Date Posted: November 8th, 2010
Ruth Wambui was a happy farmer when she bought her first dairy goat. It was a high quality goat, producing up to four litres of milk a day. But she cannot find good quality male goats to serve her females. For the last three years, she has had to rely on male goats, also called bucks, of unknown pedigree.
Ms. Wambui lives in Wanyororo in Nakuru, Kenya. Dairy goats have been her main source of income for ten years. But now hundreds of dairy goat keepers in Kenya are seeing their milk yields decrease. The quality of the goats has dropped, caused by inbreeding, a lack of purebred stock, and false information.
Sixteen years ago, exotic dairy goats were introduced into Kenya. They produce up to six litres of milk a day, are easy to keep, and provide a good income and security for many small-scale farmers. But recently more and more farmers report that they have bought goats which they believe to be good quality cross-breeds, but they do not yield as promised.
Jennifer Nyambura bought three dairy goats a few years ago. She was assured the goats would produce four litres of milk per day. But despite providing them with adequate feed and housing, she gets one litre or less.
When exotic dairy goats were first introduced to Kenya, the quality of the goats was monitored. The Dairy Goats Association of Kenya trained farmers and kept breeding records. All goats were registered with the Kenya Stud Book to ensure that farmers used proper breeding practices. Registration also ensured that the history of the dairy goats was well known. Farmers could rely on these records to identify good quality goats for purchase.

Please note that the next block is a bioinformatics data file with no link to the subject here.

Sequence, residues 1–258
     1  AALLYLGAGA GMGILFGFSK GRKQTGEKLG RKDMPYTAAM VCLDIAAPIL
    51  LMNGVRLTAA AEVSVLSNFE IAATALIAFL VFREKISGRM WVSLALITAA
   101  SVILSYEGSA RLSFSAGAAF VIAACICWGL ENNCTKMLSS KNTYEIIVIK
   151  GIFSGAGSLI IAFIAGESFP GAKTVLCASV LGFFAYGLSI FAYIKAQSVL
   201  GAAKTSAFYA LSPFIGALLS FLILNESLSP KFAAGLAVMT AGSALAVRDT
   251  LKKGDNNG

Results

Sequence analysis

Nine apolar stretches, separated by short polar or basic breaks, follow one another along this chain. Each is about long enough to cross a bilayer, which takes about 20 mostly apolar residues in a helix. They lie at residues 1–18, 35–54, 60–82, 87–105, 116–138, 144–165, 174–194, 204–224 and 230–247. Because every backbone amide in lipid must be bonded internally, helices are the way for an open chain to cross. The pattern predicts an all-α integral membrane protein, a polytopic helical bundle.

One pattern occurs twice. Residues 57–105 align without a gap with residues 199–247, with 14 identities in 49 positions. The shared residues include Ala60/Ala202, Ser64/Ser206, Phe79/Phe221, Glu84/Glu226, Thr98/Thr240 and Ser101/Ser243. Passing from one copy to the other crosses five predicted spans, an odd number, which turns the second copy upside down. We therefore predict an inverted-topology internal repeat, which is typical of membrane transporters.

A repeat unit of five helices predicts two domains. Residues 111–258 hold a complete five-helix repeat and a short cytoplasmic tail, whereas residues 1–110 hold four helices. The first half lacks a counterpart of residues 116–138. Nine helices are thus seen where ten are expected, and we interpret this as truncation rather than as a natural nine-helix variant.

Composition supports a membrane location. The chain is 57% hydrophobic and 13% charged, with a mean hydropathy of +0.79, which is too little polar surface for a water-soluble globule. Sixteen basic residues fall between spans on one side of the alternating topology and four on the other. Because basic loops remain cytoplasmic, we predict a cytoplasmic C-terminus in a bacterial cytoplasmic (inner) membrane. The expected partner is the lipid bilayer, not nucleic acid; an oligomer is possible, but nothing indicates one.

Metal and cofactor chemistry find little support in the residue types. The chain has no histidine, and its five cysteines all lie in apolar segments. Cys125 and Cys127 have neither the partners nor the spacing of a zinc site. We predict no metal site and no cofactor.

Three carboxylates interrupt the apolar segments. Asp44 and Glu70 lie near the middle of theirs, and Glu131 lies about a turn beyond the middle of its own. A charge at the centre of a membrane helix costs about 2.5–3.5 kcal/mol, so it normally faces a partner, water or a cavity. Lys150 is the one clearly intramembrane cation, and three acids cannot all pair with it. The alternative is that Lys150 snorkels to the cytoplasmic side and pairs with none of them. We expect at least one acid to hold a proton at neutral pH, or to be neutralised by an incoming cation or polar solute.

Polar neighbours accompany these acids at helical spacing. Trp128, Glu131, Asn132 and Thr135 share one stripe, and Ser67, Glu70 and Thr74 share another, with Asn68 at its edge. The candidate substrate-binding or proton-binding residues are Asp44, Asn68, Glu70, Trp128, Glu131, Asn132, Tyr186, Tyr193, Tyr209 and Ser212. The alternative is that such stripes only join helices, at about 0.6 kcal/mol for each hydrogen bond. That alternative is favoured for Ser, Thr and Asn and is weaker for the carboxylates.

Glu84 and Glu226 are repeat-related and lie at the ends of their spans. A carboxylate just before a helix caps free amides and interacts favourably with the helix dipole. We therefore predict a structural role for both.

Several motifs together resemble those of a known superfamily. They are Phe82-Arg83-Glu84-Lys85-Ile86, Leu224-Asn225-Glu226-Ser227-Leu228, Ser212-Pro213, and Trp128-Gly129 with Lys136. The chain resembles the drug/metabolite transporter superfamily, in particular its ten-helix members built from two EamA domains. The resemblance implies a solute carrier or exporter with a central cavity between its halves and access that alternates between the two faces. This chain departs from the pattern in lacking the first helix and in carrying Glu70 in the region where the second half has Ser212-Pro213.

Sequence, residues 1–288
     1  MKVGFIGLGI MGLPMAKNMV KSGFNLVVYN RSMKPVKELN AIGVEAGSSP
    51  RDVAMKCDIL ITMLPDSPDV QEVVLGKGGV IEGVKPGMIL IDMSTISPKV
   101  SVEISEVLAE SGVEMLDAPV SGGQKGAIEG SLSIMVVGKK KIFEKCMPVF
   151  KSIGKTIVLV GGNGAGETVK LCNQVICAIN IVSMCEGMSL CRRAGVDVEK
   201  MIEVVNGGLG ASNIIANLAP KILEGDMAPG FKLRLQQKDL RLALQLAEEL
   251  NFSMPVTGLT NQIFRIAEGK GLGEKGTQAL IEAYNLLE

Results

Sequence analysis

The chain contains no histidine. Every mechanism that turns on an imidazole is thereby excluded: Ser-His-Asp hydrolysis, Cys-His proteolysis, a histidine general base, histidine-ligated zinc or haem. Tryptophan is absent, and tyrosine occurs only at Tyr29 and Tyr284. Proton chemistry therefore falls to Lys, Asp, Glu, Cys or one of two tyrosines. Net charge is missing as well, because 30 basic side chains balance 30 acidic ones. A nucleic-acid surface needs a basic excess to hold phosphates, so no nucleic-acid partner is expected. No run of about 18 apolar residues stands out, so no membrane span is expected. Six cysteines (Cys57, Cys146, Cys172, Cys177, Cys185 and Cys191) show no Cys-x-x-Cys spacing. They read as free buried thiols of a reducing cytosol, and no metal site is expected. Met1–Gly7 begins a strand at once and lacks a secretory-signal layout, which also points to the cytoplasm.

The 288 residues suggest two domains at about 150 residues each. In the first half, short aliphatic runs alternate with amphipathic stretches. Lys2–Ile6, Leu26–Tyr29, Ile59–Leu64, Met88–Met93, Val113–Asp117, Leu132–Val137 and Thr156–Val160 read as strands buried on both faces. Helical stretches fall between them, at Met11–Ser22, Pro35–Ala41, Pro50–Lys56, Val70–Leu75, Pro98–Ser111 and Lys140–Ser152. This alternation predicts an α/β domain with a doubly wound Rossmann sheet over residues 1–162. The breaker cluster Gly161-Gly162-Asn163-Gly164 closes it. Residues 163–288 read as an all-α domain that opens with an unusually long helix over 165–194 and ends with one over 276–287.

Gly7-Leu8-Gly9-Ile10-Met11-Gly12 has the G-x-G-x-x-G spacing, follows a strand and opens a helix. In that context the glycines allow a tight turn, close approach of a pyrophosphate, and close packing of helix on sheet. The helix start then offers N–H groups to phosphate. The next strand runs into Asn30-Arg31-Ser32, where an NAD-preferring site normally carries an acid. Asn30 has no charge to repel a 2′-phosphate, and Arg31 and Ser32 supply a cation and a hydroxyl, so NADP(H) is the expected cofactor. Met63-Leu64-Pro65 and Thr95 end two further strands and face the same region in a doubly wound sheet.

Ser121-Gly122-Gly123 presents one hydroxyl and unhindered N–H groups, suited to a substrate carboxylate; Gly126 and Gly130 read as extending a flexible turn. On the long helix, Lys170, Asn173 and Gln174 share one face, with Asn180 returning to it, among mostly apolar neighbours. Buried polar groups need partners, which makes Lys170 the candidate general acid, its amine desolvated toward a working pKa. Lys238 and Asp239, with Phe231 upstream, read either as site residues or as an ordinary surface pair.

Recently, however, the demand for goats has been huge. The association has struggled to monitor breeding. It is claimed that some farmers visit the Kenya Stud Book offices and falsely declare their goats as pedigree. With a record card stating the goat is pedigree, the goat fetches a higher price at market.
Eleven exotic bucks were imported for breeding back in 1994. Laurian Nambubi is the Nakuru Catholic Diocese Extension officer. He says, “Up to now, the country is still relying on these 11 bloodlines to breed goats in the whole country. This is a crisis because the possibility of inbreeding cannot be avoided.”
When European countries were hit by mad cow disease in the late 1990s, the Kenyan government imposed an import ban on all live animals. This ban has not yet been lifted. So it is impossible to ease the situation by importing purebred bucks.
The Dairy Goat Association of Kenya says they have strict quality control measures in place. Goats are tattooed at three months and issued with a record card. Animals with proper records of pedigree status are registered with the Kenya Stud Book. The association attaches a seal to all record cards before they are released to the field.
The association has noticed that some dishonest service providers have issued false cards. These service providers are no longer being used. An official now signs and writes their own telephone number on the card to ensure quality and transparency. The association has introduced activities to offset further inbreeding. They offer artificial insemination services. They also have a permit to import goat semen from France.
Farmers like Ruth Wambui are now appealing to the government and international NGOs to address the issue. Their livelihoods depend on it.